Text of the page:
The Temples of Angkor

Since the 10th century Angkor Wat has stood in the north of Cambodia as a testament to glory, king, country, slavery and religion. The Angkor Wat is simply stunning, a finely details labarynth of a building which has been standing for a millennium but still gives the impression that you might be the first to discover some part of it. The walls are lined with exquisite engravings, the Bayeaux Tapestry of Cambodia, if you will. For those with plenty of patience and no aversion at all to heights can scale the steep central tower, and reward themselves with a stunning sunset spoiled only by the persistant 'wows' and 'isn't is just loooooooovely' from American and British tourists respectively.

Angkor Wat is merely one of dozens of temples that dot the countryside in northern Cambodia, in what are known rather uncreatively as the Temples of Angkor. Amongst them are the wierd and the wonderful, in completely random and unpredictable order. One temple has several hundred staring faces, which from a distance appear to be nothing more than unrefined rock, but on closer inspection have fine facial features and a rather menacing stare. Another has stood for so long that the brickwork has been engulfed by old trees which themself looked to have seen several dozen coups, revolutions and hostile takeovers in their time.

The temples of Angkor Wat, and the nearby town on Siem Reap (Siam Defeated, literally, a a big middle finger up to the Thailanders just a couple of hours away) has only recently entered most travellers itineraries. Previously Camobodia was perceived as a no-go zone, and no matter how incredible that monuments, the threat of landmines and political instability loomed large. Nowadays it is booming, and doing too well for its own good. People all over northern Cambodia have flocked to Siem Reap to make their fortune. As you wander through the ancient sites, 6 year old kids speak to you in perfect English (Hello? Where you come from? Australia? I know Australia... your capital is Canberra... you have 20 million people... lots of Kangaroos, g'day mate - all this from kids who have no doubt never spent a day in school so lucrative are the tourist dollars) and ultra-pushy sales staff offer you food, drink, guidebooks, and one even offered me a minature harp, the usefullness of which was completely lost on me. You can't help but think things would be a little more pleasant if the sites could be explored in peace. In town itself, it is clear that there is a booming prostitution industry, largely fuelled by tourists who want to spend the evening worshipping at a temple of a different kind.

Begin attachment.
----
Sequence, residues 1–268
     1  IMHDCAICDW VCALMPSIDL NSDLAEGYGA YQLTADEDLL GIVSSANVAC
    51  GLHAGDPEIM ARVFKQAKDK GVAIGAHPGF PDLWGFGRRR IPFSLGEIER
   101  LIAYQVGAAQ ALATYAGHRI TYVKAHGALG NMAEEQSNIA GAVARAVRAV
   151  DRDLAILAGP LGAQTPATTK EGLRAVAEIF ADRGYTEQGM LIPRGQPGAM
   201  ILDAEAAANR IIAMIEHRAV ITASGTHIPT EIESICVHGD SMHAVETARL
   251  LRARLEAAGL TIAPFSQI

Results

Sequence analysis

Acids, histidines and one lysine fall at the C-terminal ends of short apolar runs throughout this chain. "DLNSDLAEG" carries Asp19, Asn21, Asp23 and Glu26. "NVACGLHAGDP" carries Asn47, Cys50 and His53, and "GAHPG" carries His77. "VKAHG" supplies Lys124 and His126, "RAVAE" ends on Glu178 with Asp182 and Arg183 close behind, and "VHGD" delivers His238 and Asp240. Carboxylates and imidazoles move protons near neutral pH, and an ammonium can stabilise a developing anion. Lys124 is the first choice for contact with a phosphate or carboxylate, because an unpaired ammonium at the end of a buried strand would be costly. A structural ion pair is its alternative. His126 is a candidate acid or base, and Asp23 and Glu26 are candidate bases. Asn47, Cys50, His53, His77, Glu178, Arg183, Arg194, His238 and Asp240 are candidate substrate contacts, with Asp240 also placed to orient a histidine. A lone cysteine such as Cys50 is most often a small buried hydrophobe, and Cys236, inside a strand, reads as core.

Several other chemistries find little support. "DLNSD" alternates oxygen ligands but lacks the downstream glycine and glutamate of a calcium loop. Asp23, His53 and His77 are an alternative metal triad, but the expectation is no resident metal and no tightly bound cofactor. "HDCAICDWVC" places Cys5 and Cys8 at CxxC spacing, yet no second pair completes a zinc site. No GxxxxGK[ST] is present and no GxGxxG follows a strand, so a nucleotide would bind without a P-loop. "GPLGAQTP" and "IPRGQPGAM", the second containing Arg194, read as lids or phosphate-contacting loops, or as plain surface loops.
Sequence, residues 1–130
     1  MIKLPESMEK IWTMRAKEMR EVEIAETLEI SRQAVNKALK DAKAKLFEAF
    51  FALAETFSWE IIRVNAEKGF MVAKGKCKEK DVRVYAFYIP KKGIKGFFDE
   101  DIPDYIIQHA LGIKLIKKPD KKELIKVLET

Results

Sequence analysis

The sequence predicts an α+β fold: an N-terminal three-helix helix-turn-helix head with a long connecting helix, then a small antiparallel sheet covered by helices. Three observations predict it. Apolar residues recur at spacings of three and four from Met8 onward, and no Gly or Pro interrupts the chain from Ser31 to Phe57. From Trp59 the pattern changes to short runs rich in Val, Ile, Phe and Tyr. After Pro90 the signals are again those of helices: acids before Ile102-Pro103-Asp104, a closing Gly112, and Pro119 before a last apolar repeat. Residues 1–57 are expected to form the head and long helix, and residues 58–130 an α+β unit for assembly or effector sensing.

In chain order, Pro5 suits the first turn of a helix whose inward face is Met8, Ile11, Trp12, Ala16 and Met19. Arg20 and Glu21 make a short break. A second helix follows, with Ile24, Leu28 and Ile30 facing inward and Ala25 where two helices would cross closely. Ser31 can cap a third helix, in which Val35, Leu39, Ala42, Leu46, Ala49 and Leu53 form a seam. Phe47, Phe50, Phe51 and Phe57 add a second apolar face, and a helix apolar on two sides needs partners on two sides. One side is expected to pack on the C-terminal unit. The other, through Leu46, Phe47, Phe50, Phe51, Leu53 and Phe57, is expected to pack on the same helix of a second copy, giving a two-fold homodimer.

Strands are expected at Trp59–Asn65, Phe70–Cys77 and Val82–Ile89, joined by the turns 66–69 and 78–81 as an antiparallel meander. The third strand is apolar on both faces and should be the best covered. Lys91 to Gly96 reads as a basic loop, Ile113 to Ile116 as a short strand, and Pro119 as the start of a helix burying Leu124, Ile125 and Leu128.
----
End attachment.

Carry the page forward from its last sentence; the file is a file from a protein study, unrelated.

A three day pass to visit all these sites is the norm for tourists, although the ultra hardcore temple loving freaks can have a whole week of temple excitement for only a small amount more. For me, though the excitement was already wearing thin by the end of the first day. By the second afternoon, I was more excited by the prospect of watching some monkeys fornicate in the surrounding countryside, and on the third day I decided to call it quits and head to Phnom Penh.

More from Phnom Penh in a day or two.


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